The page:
At a Glance: In a world beyond the law, where outrageous stunts are a way of life, one man must become a master of honorable swordplay or die trying.
Platform: NES (Download Emulator here - 192k)
Download: Download ROM here - 22k
Our hero prepares to embark on an epic quest recover his missing eyballs. Right: kleenex
As a general rule, I try to avoid RPGs or any type of game that involves stat building. I just don't see the point of spending hours killing monsters to accomplish something you can do in a few seconds on a calculator. However, since like 30 people on the forums submitted Hydlide, I ended up playing it and, not surprisingly, got a pretty good idea of why it was submitted so many times.
Note: Maybe you're one of the RPG fans who disagrees with me when I say Hydlide is terrible. If you are, that's fine, since it's not like I can hold it against someone for not changing their opinion of a game because of a page and a half of dick jokes I wrote in my computer class yesterday. Just try to suppress the urge to email me your 700-word dissertation on how I'm gay for not liking your favorite Nintendo game. I know your clever insults sound awesome when you read them out loud to yourself, but since this is the internet, I hear them in the voice of a mentally challenged 15-year-old.
Game Plot: Oh god, you have to save Fairyland from a monster that turned the princess into 3 fairies. For the game's dramatic reenactment of this incredible story that was left out of the bible for some reason, please refer to the first screenshot and imagine 4 more frames of animation where it looks like the blue gargoyle is spitting diet pepsi on the deformed rag doll.
At the risk of sounding philosophical. Hydlide is the metaphorical pebble dropped into a vast pool of water that gives us a brief glimpse of how large and crappy the universe really is. The first thing you'll notice upon starting is that you're some kind of bloated dwarf getting attacked by ninjas and eskimos with fucked-up names like "ROPER" and "LADYAM". Don't let that fool you, though, because the rest of the game really sucks.
In the enchanted world of Hydlide it's impossible to cross rivers, find weapons, or do pretty much anything other than get annihilated by a bunch of Magic: The Gathering rejects. Also, if there was some way to put money into my emulator, I probably would've paid to stop hearing the god-awful theme song, which sounds like it was composed on a Sesame Street keyboard by one of the programmer's nephews.
This screenshot is the defining moment of the game.
Enemies: The monsters look like they were drawn by aliens shooting purple lasers at my TV screen from outer space. And I've noticed that while it's against the law to make an rpg that doesn't have a slime creature as the first enemy, there's no restriction on the crappiness of the actual slime sprite.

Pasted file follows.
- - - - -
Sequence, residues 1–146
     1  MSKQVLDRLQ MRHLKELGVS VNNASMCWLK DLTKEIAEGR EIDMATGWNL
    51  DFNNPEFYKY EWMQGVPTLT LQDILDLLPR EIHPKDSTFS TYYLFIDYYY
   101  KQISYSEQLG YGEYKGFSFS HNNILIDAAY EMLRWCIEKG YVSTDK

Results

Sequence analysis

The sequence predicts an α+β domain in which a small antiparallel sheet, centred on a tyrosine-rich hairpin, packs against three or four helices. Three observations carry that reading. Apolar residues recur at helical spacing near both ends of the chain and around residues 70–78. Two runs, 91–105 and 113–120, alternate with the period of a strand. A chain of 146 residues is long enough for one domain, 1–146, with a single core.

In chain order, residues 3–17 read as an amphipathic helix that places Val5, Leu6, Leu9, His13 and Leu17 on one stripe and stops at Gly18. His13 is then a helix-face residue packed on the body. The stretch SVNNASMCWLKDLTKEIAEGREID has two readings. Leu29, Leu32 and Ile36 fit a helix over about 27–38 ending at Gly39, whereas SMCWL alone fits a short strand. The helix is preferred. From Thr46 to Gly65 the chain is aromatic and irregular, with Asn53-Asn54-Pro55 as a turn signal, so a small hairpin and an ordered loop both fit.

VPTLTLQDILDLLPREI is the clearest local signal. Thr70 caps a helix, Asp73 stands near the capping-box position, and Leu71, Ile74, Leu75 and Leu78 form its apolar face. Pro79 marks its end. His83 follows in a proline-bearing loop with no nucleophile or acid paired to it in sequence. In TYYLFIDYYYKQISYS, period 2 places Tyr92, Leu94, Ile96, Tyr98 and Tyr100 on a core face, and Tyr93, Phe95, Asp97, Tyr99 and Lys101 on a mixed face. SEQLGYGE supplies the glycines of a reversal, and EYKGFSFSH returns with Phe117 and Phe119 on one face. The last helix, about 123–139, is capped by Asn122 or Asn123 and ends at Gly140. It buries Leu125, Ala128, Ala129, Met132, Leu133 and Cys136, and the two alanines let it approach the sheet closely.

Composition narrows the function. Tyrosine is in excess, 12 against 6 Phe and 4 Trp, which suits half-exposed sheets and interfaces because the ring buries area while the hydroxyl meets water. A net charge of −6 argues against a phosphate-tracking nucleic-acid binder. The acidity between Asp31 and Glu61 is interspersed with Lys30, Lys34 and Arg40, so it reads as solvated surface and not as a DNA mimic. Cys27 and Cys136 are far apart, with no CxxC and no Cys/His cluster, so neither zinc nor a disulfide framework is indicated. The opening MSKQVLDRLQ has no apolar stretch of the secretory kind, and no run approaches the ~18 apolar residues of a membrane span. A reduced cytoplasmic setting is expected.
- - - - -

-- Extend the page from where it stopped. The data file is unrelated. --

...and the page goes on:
You fight monsters by holding down the A button and walking directly in front of them. Then, depending on the phase of the moon, you either win the battle or die instantly the next 20 consecutive tries. It's probably one of the reasons Nintendo historians have yet to find a Hydlide cartridge that hasn't been lit on fire or thrown into a garbage compactor.
Weapons: Uh, I found a pot at one point. I never got to see it, but judging by the size of the box it was in, It probably could've held an entire swimming pool.
Number of Levels: There aren't any real levels per se. Just a bunch of random areas tied together by the fact that they all suck. There are mazes with nothing in them, rooms that are completely dark, and sand dunes just a few feet away from a forest. Japan may be the magical land of milk and honey where psychotic homeless drifters can find job opportunities making video games, but even they should draw the line at people who don't understand the concept of temperature.
Number of Bosses: I did a calculation of how much more informative this review would be with a description of the first boss and decided this paragraph would be much better spent calling the developers douchebags again.
Defining Moment: When I play Hydlide it feels like a mentally ill person is trying to explain to me what it's like to have some horrible brain disease. I know it's supposed to have some kind of meaning, but there's no way I'll ever be able to understand it. Anyway, this screenshot is my defining moment. It says just about everything that needs to be said about the game.
Each category in the rating system is based out of a possible -10 score (-10 being the worst). The overall score is based out of a possible -50 score (-50 being the worst).
The Remains of Bidet (James Ivory, 1993)
We might find we have more in common than we think if we just stop fighting long enough to combine our bodies into a singular organism.
The Rom Pit is dedicated to reviewing the most bizarre and screwed up classic console games from the 1980's, the ones that made you wonder what kind of illegal substances the programmers were smoking when they worked on them. Strangely enough, the same illegal substances are often necessary to enjoy or make sense of most of these titles. No horrible Nintendo game is safe from the justice of the ROM Pit.